From now on each frame can be analyzed independently and later on in the feature extraction stage represented by a single feature vector.
3. Denoising & speech enhancement
The stage of denoising or noise reduction, also referred to as enhancing of speech degraded by noise, aims to improve the speech signals quality. The objective is to improve the intelligibility, a measure of how comprehensible speech is. Noise corrupting speech signals can be grouped coarsely into the following 3 classes:
- Microphone related noise
- Electrical noise (e.g. electromagnetically induced or radiated noise)
- Environmental noise
The first two types of noise can be easily compensated by training the speech recognizers on corresponding noisy speech samples, but compensating the environmental noise is not that elementary, due to its high variability. The basic problem of noise reduction is to reduce the external noise without disturbing the unvoiced and low-intensity noise-like components of the speech signal itself .
The algorithms of noise reduction can be grouped intro three fundamental classes. In the following exemplary algorithms for denoising are briefly described.
- Filtering Techniques
- Spectral Restoration (speech enhancement)
Filtering Techniques. Prominent algorithms based on filtering techniques are Adaptive Wiener filtering and the spectral subtraction methods. Adaptive Wiener filtering depends on the adaption of the filter transfer function from sample to sample based on the speech signal statistics (mean and variance). Spectral subtraction methods estimate the spectrum of the clean signal by the subtraction of the estimated noise magnitude spectrum from the noisy signal magnitude spectrum while keeping the phase spectrum of the noisy signal .
Spectral Restoration. Spectral Restoration refers to the inducing of missing spectral components of nonverbal sounds by adding noise to increase intelligibility .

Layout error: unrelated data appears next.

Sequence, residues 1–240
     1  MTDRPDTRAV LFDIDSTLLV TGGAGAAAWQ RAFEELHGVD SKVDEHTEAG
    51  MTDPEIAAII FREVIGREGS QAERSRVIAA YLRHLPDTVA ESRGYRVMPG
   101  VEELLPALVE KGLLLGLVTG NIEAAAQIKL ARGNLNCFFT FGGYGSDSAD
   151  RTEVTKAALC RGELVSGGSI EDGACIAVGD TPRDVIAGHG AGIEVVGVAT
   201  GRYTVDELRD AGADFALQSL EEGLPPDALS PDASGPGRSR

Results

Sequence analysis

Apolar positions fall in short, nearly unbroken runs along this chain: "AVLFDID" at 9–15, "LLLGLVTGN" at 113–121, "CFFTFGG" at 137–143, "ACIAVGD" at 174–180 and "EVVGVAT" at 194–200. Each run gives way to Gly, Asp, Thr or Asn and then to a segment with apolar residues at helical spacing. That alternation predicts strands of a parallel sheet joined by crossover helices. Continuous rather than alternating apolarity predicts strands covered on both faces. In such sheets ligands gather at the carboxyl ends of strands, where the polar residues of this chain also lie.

Speech-Model-Based. Harmonic Decomposition refers to a denoising technique that uses a harmonic+noise model of the speech, assuming that the speech signal is composed of a periodic/voiced and random/unvoiced part. By processing the components separately and recombining them, the speech signal can be enhanced. An exemplary realization is described in the article harmonic decomposition in greater detail. Nonnegative Matrix Factorization algorithms factorize the Mel-magnitude spectra of noisy speech into a nonnegative weighted linear combination of speech and noise basis functions. The weights are then used to obtain an estimate of the clean speech . Nonnegative Matrix Factorization may also be used as a feature extraction technique in speech processing.
Conclusively the general measure of quality of a noise reduction system is its improvement in signal-to-noise ratio (SNR), but with respect to speech recognition, the best measure is the improvement in recognition performance.
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 N. A. Meseguer. Speech Analysis for Automatic Speech Recognition. Norwegian University of Science and Technology, Department of Electronics and Telecommunications, July 2009.
 A. G. Maher, R. W. Kind, J.G. Rathmell. A Comparison of Noise Reduction Techniques for Speech Recognition in Telecommunications Environments. In The Institution of Engineers Australia Communications Conference, Sydney, October, 1992.
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 M. A. Abd El-Fattah, M. I. Dessouky, S. M. Diab, F. E. Abd El-samie. Adaptive Wiener Filtering Approach for Speech Enhancement. In Ubiquitous Computing and Communication Journal, Vol. 3, No. 2, pp. 1-8. April 2008.
 R. M. Warren, K. R. Hainsworth, B. S. Brubaker, J. A. Bashford, E. W. Healy. Spectral restoration of speech: intelligibility is increased by inserting noise in spectral gaps. In Perception and psychophysics, 59 (2) (1997), pp. 275-283.
 J. T. Geiger, J. F. Gemmeke, B. Schuller, G. Rigoll. Investigating NMF Speech Enhancement for Neural Network based Acoustic Models. In Proc. Interspeech 2014, ISCA, Singapore, 2014.